Boeing revealed what the sustainable plane it will build with NASA and carry passengers in the 2030s will look like

Photo: Boeing

The American company Boeing released the first images of what the Sustainable Flight Demonstrator (SFD), for its acronym in English, an aircraft developed together with the US space agency (NASA) with the hope that its design and technology serve as a model for the “aviation of the future”.

With the Demonstrator, NASA hopes reduce up to 30% fuel consumption and emissions of the narrow-body planes -a single aisle- frequently destined to cover national routes, and which are the most used.

“We tend to think of NASA as a space agency, an aeronautical agency, but NASA is also a climate agency,” said the agency’s administrator, Bill Nelson, at a press conference on Wednesday.

Nelson explained that Boeing’s concept, which it is expected to be able to fly in 2028is a full-scale demonstration aircraft of the transonic braced wing type (a construction process in which girders are placed obliquely to secure a truss).

Boeing and NASA
Bill Nelson, NASA administrator shows the prototype of the “aircraft of the future” Photo: NASA

The SFD program aims to promote the commitment of the civil aviation industry to achieve net zero carbon emissions by 2050, as well as the goals set out in the US Aviation Climate Action Plan of the White House, the Boeing company said on its website.

“The SFD program has the potential to make an important contribution towards a sustainable future,” he said. greg hyslop, chief engineer and executive vice president of Engineering, Test and Technology at Boeing. “It represents an opportunity to design, build and fly a large-scale experimental aircraft, while solving new technical problems.”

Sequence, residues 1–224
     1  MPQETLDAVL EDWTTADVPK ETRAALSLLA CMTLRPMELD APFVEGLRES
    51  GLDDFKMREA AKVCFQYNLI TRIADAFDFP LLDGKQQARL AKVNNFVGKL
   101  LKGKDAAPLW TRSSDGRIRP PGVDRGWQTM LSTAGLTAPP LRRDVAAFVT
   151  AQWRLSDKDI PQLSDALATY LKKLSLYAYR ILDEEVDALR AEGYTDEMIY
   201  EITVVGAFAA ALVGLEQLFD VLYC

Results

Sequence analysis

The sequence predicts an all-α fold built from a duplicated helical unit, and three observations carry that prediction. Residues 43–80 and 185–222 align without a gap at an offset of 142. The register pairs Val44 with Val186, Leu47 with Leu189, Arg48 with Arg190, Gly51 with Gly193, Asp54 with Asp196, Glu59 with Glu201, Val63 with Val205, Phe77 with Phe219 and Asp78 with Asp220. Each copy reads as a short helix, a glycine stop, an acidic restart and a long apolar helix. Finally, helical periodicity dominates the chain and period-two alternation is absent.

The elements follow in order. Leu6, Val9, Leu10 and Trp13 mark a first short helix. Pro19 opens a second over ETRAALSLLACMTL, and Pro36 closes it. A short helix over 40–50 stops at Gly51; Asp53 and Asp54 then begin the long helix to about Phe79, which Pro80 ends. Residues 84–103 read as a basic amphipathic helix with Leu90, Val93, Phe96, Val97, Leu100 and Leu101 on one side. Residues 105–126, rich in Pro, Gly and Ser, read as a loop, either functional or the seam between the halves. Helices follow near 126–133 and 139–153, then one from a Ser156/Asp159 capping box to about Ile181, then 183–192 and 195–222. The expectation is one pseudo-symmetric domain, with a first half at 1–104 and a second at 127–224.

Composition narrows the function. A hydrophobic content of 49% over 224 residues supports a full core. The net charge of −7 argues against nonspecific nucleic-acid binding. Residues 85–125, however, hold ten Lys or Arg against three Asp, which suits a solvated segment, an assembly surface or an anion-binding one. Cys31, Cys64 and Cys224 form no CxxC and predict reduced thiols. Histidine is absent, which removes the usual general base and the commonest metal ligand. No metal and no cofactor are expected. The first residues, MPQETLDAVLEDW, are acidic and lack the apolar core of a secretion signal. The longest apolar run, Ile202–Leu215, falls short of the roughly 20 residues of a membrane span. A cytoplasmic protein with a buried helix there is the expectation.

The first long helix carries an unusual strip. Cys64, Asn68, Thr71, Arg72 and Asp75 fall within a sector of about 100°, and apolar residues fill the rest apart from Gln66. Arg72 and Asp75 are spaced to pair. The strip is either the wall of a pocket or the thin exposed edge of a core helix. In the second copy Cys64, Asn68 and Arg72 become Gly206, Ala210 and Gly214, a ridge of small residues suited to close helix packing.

In a statement, Boeing explained that it will integrate elements of existing vehicles with entirely new components in the construction of the aircraft.

“Ultra-thin strut-braced wings, with longer spans and higher aspect ratios, could accommodate advanced propulsion systems which are currently limited by the lack of space under the wings in low-wing aircraft configurations,” the company explained.

Boeing’s chief technology officer, Todd Citron, said these “ultrathin” wings will increase the dynamic efficiency of the aircraft.

File photo of the Kennedy Space Center in Cape Canaveral, Florida, United States (REUTERS / Joe Skipper)
File photo of the Kennedy Space Center in Cape Canaveral, Florida, United States (REUTERS / Joe Skipper) (JOE SKIPPER /)

NASA also hopes that this design will incorporate a series of technological advances that will reduce fuel consumption and make aviation more sustainable, which will serve as a model for commercial aviation.

For Nelson, the project “will revolutionize the type of plane that people use most often when they fly,” and It will bring the United States closer to reaching the government’s goal of zero emissions in the aviation industry by 2050.

The administrator defended the decision to establish a public-private relationship to develop the Demonstrator, in which the aerospace agency will invest some 425 million dollars.

Nelson cited NASA’s projects to transform the International Space Station into a commercial station or the return of humanity to the Moon, for which it collaborates with the SpaceX company, as examples of collaborations with the private sector that benefit the entire industry. .

(With information from EFE)

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Source-www.infobae.com